That’s understandable to some degree but keep in mind that no one quite understands what it means to have a chronic illness or disability unless they actually have one and no one will deal with the consequence of you physically or emotionally overexerting yourself more than you.
So, know your body and limits and plan your social calendar accordingly. Don’t overextend yourself or feel guilty if you cancel something at the last minute because you aren’t up to it. Don’t agree to something out of fear of coming across impolite or not meeting obligations.
Sometimes we must learn to put ourselves first and say no to circumstances we don’t feel up to being in. I for one, try not to accept social commitments that require me to stay out late on consecutive nights because I need a day in between to recover. So I plan my social calendar with a day break in between.
Surround yourself with people who are sensitive to your situation and are accommodating and understanding.
Protect your energy; the holidays bring all types of people together and sometimes these people aren’t necessarily vibration matches to each other. Pay attention to your mood when you are in the company of certain people. Energy is contagious and if people or events leave you emotionally irritated and you feel your eyes beginning to roll backward (LOL) consider removing yourself from that situation.
Sometimes this can simply be physically moving away from a group of people or shifting a conversation to another topic.
Eat Well, Stay Hydrated, and Exercise
You know your body better than anyone else and what foods help you to feel better or worse.
Sometimes eating certain foods like heavy foods or sugar and consuming alcohol takes a lot of energy for your body to digest and If you are already suffering from fatigue issues, being in a food coma doesn’t help matters, that’s for sure! So yes, indulging is normal over the holidays, but do so in moderation and you will feel better in the long run and your body will thank you for it.
Many of us go off our regular schedule and eating and sleeping routine during the holidays and forget to drink water because of that. Don’t forget to stay hydrated as there are so many benefits to drinking water and the best one for spoonies is that it helps with fatigue. Being properly hydrated reduces migraines and headaches, helps regulate your mood, aids in digestion, flushes out toxins, improves brain function, and boosts the immune system.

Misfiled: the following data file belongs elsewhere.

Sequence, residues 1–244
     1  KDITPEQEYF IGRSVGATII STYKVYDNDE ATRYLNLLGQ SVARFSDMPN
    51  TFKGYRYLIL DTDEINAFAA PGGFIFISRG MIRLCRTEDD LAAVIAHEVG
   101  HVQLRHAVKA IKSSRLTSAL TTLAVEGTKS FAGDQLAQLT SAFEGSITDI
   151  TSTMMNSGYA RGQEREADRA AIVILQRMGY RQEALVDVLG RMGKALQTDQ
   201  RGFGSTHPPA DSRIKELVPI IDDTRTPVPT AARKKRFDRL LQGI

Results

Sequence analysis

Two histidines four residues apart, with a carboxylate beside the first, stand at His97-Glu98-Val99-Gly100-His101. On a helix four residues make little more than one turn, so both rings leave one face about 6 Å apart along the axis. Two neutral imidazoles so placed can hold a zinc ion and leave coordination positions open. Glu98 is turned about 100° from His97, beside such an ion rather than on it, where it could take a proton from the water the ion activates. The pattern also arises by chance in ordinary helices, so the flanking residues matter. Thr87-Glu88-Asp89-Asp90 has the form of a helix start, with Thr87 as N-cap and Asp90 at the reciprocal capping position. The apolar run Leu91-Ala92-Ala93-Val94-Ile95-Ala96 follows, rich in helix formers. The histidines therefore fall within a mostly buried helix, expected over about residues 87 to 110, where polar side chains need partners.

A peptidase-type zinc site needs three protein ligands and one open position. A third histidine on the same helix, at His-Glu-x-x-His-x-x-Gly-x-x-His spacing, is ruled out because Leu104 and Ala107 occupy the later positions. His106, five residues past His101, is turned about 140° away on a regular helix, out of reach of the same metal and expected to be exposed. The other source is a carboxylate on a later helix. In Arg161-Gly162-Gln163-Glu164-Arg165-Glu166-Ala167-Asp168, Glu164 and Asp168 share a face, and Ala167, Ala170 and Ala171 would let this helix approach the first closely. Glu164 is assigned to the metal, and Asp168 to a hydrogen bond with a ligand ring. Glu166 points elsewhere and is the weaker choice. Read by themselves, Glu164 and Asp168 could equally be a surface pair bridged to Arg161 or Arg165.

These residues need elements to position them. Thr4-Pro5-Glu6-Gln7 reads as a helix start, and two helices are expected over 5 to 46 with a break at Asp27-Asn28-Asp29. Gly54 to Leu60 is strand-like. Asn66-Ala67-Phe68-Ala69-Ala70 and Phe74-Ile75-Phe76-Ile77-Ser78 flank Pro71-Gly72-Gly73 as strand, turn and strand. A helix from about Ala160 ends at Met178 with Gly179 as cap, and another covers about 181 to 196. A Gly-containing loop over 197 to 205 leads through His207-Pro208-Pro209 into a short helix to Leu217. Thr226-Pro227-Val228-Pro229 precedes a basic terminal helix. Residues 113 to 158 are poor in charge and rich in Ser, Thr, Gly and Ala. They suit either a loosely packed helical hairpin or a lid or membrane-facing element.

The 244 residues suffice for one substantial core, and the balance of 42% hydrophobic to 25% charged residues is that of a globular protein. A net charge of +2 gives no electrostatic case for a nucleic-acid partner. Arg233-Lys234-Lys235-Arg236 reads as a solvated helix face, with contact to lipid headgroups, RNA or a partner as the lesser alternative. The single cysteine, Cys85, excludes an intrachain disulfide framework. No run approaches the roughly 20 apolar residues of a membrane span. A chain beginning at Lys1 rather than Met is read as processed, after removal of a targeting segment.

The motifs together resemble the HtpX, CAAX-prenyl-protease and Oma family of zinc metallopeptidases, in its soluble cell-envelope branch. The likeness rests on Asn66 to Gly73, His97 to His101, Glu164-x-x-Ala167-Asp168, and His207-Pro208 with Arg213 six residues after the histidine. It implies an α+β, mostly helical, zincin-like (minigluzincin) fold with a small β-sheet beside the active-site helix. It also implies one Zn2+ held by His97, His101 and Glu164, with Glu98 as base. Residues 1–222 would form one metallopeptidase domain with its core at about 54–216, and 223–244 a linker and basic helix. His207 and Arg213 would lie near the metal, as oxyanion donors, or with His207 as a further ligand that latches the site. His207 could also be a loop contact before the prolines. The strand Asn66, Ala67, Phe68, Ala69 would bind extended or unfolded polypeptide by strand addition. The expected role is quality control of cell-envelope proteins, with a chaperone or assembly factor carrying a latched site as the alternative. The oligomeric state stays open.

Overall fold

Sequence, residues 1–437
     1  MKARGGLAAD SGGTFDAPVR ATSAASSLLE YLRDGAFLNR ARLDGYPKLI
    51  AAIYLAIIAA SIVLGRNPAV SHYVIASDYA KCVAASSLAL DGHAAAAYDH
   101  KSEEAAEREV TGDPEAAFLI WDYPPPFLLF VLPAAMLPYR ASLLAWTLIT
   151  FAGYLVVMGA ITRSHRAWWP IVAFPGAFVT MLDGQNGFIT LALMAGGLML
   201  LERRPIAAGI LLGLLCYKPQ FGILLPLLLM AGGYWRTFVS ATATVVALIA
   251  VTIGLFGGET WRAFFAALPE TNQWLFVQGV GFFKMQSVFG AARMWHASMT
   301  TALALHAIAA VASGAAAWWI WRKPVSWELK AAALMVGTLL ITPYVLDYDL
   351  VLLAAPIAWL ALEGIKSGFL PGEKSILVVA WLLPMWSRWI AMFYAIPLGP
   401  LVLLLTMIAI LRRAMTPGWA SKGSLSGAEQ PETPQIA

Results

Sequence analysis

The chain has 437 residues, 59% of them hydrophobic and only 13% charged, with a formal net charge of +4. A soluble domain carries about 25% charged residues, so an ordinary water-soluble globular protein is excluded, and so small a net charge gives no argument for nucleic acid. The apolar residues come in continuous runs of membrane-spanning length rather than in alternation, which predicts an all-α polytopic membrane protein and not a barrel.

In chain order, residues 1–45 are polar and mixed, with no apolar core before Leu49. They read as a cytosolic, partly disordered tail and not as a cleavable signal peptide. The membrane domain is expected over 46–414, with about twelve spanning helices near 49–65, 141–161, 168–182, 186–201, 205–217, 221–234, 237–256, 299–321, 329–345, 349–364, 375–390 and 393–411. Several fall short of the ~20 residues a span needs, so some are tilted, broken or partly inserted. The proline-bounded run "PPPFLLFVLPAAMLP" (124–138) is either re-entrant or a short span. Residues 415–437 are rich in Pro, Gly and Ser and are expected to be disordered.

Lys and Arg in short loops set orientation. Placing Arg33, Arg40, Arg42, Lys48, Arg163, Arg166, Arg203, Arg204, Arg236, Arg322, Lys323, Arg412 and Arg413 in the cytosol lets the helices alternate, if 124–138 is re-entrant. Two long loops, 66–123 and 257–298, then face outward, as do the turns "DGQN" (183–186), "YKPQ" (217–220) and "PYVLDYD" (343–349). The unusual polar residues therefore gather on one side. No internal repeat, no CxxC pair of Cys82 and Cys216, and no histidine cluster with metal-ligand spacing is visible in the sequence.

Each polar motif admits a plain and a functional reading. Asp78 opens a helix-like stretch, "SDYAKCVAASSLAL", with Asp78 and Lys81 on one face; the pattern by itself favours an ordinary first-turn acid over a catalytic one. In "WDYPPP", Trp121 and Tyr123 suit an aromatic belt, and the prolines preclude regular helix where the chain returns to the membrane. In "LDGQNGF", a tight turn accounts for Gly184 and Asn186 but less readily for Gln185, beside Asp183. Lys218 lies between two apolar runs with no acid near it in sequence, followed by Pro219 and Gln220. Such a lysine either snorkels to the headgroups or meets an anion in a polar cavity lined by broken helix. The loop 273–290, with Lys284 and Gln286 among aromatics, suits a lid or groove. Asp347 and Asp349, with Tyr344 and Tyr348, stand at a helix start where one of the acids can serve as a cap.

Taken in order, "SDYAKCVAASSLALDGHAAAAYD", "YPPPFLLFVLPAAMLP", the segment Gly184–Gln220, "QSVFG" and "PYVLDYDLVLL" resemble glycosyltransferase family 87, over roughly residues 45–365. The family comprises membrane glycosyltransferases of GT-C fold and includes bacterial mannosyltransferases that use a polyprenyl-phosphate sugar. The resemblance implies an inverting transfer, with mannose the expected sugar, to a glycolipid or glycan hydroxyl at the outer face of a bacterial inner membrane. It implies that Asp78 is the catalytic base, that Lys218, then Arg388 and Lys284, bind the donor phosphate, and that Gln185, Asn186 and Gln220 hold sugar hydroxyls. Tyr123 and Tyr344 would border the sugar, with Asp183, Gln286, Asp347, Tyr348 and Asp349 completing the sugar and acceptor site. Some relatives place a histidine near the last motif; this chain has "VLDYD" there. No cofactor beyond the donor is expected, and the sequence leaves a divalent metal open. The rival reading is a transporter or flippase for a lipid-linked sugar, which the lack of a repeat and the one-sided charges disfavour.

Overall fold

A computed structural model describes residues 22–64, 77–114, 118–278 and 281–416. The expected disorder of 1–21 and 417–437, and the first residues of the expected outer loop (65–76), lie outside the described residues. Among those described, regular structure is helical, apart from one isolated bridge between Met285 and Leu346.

Light, low impact exercise is very good to help with chronic fatigue as it boosts endorphins in our body which make us feel more energized. Reserve some spoons for exercise every day and the benefits will carry you through. Don’t push hard or fast but find a comfortable set of exercises that you can do daily. Stretches and strengthening exercises are good examples.
Remember What’s Important
In the end, the holidays are not about the decorations and preparations, the shopping and the gifts or the ribbons and bows. In the words of Dr. Seuss from the “Grinch who stole Christmas” he says “Maybe Christmas (he thought) doesn’t come from a store. Maybe Christmas perhaps means a little bit more.”
It can get easy to get overwhelmed with the secondary stuff and forget that the holidays are really about peace, love, joy, acceptance, and the spirit of giving and gratitude. So, when I begin to feel tired or overwhelmed or even agitated with people, I remind myself that even though the festivities are fun, the true meaning of the holiday season is to feel peace and joy in my heart.
I remind myself that those feelings are always accessible if I just take the time to relax, close my eyes, and feel them. I remind myself that the holidays are about spending time and showing affection to the people in our lives that we love and appreciate.
And you don’t need all the bells and whistles to do that.